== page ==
In December 1945, in the Upper Egyptian desert, an Arab peasant made an astonishing discovery of thirteen papyrus books—a discovery that is radically changing our understanding of the early Christians, their church, and their beliefs. The circumstances of this find were for years obscure, perhaps because the discovery was accidental, and its sale on the black market illegal. Even the identity of the discoverer remained unknown. According to one rumor, he had found the books near the town of Nag Hammadi at the Jabal al-Tarif, a mountain honeycombed with more than 150 caves. Originally natural, some of these caves were cut and painted, and used as grave sites as early as the sixth dynasty, some 4,300 years ago.
Thirty years later the discoverer himself, Muhammad ‘Ali al-Samman, told what happened.1 He and his brothers had gone out to the Jabal to dig for sabakh, a soft soil they used to fertilize their crops. Digging around a huge boulder, they hit a red earthenware jar, almost a meter high. Muhammad ‘Ali hesitated to break the jar, considering that a jinn, or spirit, might live inside. But thinking that it might also contain gold, he raised his mattock, smashed the jar, and discovered inside the thirteen papyrus books, bound in leather. When he returned to his home in al-Qasr, Muhammad ‘Ali dumped the books and loose papyrus leaves on the straw piled on the ground next to the oven. Muhammad’s mother, ‘Umm-Ahmad, admits that she burned much of the papyrus in the oven along with the straw she used to kindle the fire.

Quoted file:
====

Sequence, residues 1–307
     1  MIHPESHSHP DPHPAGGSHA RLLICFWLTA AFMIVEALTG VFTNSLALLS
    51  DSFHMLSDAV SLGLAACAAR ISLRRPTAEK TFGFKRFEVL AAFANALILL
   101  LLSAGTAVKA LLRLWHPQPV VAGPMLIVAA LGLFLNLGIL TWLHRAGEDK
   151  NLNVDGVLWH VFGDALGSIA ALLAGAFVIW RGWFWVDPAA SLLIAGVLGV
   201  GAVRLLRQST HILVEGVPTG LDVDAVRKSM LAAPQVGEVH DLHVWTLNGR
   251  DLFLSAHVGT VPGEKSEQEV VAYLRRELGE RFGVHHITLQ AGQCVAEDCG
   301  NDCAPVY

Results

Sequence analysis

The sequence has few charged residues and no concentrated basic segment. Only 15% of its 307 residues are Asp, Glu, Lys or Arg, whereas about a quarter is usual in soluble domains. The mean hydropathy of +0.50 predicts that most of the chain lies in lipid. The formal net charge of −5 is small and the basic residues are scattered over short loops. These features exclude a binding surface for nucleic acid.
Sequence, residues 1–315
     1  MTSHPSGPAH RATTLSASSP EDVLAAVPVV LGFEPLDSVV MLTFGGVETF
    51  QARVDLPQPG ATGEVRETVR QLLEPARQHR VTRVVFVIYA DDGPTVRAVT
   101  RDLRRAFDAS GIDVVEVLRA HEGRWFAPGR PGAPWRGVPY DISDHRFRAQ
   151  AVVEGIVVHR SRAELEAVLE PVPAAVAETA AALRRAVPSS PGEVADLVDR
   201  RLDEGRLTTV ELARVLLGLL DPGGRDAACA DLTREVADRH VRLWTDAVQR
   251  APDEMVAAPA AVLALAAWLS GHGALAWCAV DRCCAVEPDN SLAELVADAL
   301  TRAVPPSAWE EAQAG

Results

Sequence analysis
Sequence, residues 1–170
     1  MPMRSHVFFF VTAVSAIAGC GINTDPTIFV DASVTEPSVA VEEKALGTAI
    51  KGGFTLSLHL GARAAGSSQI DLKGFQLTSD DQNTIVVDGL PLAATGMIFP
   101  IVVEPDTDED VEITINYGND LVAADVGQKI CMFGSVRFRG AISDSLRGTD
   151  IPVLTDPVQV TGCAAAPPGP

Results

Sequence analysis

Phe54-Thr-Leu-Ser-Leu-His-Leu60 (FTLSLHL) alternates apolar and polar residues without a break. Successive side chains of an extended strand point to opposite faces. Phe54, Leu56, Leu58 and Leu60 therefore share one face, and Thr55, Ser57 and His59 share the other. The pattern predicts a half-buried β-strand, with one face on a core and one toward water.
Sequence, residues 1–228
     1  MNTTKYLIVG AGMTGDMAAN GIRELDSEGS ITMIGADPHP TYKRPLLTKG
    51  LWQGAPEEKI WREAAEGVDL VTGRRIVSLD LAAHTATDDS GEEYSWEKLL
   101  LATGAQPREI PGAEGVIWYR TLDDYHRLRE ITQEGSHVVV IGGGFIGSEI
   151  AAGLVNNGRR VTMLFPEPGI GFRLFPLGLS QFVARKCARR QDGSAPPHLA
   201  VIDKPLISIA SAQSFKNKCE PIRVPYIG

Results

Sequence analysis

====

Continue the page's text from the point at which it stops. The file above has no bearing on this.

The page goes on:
A few weeks later, as Muhammad ‘Ali tells it, he and his brothers avenged their father’s death by murdering the man who had killed him, Ahmed Isma ‘il. The brothers “hacked off his limbs…ripped out his heart, and devoured it among them, as the ultimate act of blood revenge.”2 Fearing that the police investigating the murder would search his house and discover the books, Muhammad ‘Ali asked the local priest, al-Qummus Basiliyus ‘Abd al Masih, to keep at least one of them, perhaps more. During the time that Muhammad ‘Ali and his brothers were being interrogated, Raghib Andrawus, a local history teacher, had seen one of the books, and suspected that it might be of value. He got hold of one of them from the priest and sent it to a friend in Cairo to find out its worth.
Some of the manuscripts were soon being sold on the black market by antiquities dealers in Cairo. Egyptian government officials eventually bought one and confiscated ten and a half of the thirteen leather-bound books (or “codices”) and deposited them in the Coptic Museum there. But a large part of the thirteenth codex, containing five extraordinary texts, was smuggled out of Egypt and offered for sale in America. News of this codex soon reached Professor Gilles Quispel, a distinguished historian of religion at Utrecht, in the Netherlands, who urged the Jung Foundation in Zürich to buy the…
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